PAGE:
System Shock

aka: Alien Commander
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(prices updated 10/1 1:13 AM )

Description official descriptions

The year is 2072. A hacker from a Saturn colony breaks into computer system of TriOptimum Corporation and gets arrested. He is taken to the Citadel Station, where Edward Diego, a TriOptimum executive, offers to drop all charges against the hacker, as well as grant him a valuable neural implant, if he agrees to hack into SHODAN (Sentient Hyper-Optimized Data Access Network) , the artificial intelligence that controls the station. The hacker removes the AI's ethical constraints and undergoes the promised implant surgery, after which he is put into a six-month healing coma.

The hacker awakens into a horrifying reality: with her ethical restrictions removed, SHODAN took control over the station, reprogrammed all robots and machines to suit her needs, and disposed of the crew members by either transforming them into mutants and cyborgs, or killing them outright. Rebecca Lansing, a TriOptimum counter-terrorism consultant, contacts the hacker and informs him of an even more terrifying possible future: SHODAN's plan involves using the station's mining lasers to annihilate all life on Earth. The hacker must explore and traverse the desolate corridors and rooms of the large space station, fighting SHODAN's minions on his way to thwart her maniacal design.

System Shock is a first-person shooter with puzzle-solving and light role-playing elements. The gameplay incorporates gradual exploration of the Citadel's ten levels, interaction with the environment, problem-solving, fulfilling objectives, and combat.

On his way the hacker encounters numerous enemies - robots, cyborgs and mutants, all of which can be fought back with a variety of weapons. Some of the weapons use ammo, while other have infinite ammo and instead draw on electric energy. Some weapons are more effective on certain foes - e.g. the dart gun only works on organic enemies, while the magpulse is best used against robots. Once killed, the enemies can be searched for ammo and other items. The player can also find items in crates, cabinets, corpses or just lying around on the ground.

Apart from weapons and ammo, the player can find patches (such as medical patches, which replenish the hero's health; berserk patches, which temporarily increase his strength but cause hallucinations; detox patches, which remove the harmful effects of radiation and biohazard; etc.), grenades of various kinds (EMP grenades are effective against robots, gas grenades are good for mutants, land mines can be used to set traps, etc.), battery packs for replenishing electricity, first aid kits for restoring health, and others.

Thanks to the hacker's implant he is able to install various pieces of hardware into his body, such as a booster which makes him go faster, or a head lantern to bright up dark areas. As the player progresses in the game, higher versions of existing hardware are found, which are more effective and useful. However, most hardware uses up electric energy while it is active.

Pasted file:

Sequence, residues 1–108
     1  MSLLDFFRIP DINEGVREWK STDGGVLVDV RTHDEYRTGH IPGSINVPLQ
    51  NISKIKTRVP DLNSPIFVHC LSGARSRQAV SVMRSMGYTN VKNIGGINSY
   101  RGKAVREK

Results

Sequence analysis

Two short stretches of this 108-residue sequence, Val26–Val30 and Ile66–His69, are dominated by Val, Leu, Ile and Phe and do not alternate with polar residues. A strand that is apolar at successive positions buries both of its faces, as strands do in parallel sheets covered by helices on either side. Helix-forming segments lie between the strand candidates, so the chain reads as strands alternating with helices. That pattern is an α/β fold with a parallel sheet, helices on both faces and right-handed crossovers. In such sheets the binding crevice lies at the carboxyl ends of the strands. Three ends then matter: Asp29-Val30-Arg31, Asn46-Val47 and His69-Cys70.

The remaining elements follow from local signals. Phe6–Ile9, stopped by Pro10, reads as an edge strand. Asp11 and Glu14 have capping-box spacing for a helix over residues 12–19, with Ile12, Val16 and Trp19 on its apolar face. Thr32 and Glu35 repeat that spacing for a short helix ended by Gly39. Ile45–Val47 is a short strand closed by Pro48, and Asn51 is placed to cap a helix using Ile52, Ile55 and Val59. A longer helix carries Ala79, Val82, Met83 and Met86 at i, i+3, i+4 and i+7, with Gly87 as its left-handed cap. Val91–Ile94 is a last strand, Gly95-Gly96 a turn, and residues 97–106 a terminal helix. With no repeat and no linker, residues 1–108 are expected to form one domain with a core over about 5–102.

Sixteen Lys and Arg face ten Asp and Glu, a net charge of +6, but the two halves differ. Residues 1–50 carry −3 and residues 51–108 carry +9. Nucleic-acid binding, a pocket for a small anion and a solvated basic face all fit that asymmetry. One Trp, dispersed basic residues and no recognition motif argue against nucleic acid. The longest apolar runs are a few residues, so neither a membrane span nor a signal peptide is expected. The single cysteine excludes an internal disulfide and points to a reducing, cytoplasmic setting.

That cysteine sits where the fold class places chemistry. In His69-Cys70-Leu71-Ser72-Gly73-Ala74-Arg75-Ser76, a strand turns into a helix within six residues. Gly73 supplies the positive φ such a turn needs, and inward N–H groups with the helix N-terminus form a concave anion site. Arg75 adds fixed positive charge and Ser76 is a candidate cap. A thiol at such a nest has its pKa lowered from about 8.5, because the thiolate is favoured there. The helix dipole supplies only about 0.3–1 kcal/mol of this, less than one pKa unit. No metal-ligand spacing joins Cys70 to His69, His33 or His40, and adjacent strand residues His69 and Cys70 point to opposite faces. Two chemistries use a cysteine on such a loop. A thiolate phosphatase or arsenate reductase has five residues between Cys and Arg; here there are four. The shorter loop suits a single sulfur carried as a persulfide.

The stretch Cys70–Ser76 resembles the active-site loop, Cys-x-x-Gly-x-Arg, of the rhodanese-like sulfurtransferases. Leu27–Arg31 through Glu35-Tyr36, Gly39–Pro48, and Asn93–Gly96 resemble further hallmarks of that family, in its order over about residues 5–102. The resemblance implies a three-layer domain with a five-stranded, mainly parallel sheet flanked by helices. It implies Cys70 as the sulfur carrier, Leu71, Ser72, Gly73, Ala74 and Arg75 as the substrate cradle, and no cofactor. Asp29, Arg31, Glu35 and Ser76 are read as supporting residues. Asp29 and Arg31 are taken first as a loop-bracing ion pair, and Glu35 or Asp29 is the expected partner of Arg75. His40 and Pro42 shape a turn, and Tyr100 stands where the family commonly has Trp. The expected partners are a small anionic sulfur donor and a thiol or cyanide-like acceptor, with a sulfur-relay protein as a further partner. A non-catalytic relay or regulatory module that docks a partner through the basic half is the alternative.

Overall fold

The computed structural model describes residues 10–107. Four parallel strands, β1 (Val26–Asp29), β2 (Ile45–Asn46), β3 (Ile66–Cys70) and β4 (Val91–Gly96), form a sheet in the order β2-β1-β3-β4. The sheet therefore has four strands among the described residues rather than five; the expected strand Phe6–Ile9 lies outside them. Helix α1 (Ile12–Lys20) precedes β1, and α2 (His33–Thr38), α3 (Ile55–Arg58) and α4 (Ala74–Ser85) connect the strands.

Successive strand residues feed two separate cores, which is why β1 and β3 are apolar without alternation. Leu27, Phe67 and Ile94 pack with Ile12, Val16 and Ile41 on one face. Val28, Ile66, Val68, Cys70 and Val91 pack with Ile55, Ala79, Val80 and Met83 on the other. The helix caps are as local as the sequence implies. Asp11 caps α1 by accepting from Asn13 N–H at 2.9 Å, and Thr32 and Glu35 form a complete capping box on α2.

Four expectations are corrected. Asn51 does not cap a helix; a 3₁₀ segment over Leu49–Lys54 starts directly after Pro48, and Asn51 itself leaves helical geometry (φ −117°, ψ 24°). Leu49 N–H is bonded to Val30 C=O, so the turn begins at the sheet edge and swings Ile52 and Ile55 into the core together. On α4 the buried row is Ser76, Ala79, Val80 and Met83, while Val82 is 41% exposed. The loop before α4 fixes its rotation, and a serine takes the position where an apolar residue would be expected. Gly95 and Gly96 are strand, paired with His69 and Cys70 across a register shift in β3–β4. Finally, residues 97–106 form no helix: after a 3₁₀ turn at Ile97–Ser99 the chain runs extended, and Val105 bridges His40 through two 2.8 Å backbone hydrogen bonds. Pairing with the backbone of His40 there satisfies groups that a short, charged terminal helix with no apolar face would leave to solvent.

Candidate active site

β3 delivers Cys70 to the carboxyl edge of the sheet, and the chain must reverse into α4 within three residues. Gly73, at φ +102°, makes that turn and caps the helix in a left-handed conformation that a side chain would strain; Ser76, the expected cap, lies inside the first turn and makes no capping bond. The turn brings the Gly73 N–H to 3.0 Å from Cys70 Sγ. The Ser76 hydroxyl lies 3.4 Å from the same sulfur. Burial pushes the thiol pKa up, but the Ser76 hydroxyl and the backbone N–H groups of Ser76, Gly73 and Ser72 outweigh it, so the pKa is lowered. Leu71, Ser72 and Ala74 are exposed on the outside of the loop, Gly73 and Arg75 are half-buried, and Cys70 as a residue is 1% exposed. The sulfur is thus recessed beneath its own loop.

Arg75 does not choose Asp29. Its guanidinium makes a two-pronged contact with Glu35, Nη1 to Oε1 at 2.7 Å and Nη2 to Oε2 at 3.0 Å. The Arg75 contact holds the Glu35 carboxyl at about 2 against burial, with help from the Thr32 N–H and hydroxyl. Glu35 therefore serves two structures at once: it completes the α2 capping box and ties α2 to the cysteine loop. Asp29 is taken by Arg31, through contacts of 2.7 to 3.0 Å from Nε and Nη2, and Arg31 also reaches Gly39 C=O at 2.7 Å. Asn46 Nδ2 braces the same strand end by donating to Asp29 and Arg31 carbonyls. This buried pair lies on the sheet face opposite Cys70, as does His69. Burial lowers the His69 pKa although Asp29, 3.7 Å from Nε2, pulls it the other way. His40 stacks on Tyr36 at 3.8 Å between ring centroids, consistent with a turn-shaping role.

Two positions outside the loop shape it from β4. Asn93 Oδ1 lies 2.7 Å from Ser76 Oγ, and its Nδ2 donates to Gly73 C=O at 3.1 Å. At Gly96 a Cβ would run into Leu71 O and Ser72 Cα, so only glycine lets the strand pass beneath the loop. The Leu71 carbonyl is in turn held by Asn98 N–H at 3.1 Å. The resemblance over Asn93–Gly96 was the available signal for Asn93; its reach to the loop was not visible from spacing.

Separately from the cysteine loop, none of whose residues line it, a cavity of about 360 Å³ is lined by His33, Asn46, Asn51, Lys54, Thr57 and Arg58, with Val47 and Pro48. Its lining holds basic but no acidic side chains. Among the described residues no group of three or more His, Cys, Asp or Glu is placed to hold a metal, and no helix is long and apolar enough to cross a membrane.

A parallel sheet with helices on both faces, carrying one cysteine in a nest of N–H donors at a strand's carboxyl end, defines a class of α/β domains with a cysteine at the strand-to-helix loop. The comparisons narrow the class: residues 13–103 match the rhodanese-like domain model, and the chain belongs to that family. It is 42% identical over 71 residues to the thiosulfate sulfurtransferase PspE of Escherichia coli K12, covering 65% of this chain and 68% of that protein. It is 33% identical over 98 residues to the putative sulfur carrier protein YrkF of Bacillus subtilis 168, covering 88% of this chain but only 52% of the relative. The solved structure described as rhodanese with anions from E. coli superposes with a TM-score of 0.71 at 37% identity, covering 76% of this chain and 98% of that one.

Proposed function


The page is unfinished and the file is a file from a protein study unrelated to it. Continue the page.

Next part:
At some places in the game, the player has to find a wall-mounted "cyberjack" to go into cyberspace in order to find helpful data, remotely open doors or unlock sealed areas, or give himself clearance to access off-limits areas. Cyberspace is represented as a 3-D wireframe place, where the protagonist floats around freely in three dimensions, shoots hostile cyber-guards with phasers, and collects files represented as colorful cubes.

The story of System Shock is mostly told through e-mail messages the protagonist received, and electronic diaries (logs) left by various characters (as well as SHODAN herself), which are scattered around the space station. The game features separate adjustable difficulty settings for combat, mission objectives and puzzles. The CD version of the game includes full speech for e-mails and logs, as well as higher-resolution, more detailed graphics.


  • システムショック - Japanese spelling
  • 시스텡쇼크 - Korean spelling

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Credits (DOS version)

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Average score: 89% (based on 23 ratings)


Average score: 4.0 out of 5 (based on 187 ratings with 22 reviews)

This game creeped me out!

The Good
Atmosphere... or should I say, atmos-fear... Running around alone in Citadel Station with your only contact with people being the occasional email from Earth and logs of the former inhabitants of the station, you start to feel really paranoid. I don't really like first-person shooters, but this game has everything that I like about gaming in it. It's also customizable so that you can easily get through the aspects of the game that you dislike. I think you must have the CD-Rom version of this game if you want to enjoy it. The graphics are good on the CD-Rom version, instead of fuzzy, and the sound is amazing. SHODAN's voice still echoes in my memory... The gameplay is good, with the ability to lean, jump, crouch, and run. I'm generally not a big fan of first-person shooters, but this one really gets you into the game.

The Bad
Cyberspace. It's uninspired. Luckily for me, I can turn the rating down on this. If there was a better cyberspace interface, I'd have enjoyed it, as it allows you to solve puzzles in some new ways.

The Bottom Line
When I bought this game, it was a used three-pack of games called the Origin pack, which included Wing Commander 3, Bioforge, and System Shock. I didn't know anything about System Shock and just considered it a bonus. I put the game on my computer and tried it (the non CD-enhanced version). I played for about 5 minutes and didn't even get out of the first section... I wasn't impressed. A few months later I tried the CD-Enhanced version, and after about 5 minutes with this version I was hooked. I don't know of any game that's ever gotten me so engrossed within its game world. One of the best games I've ever played.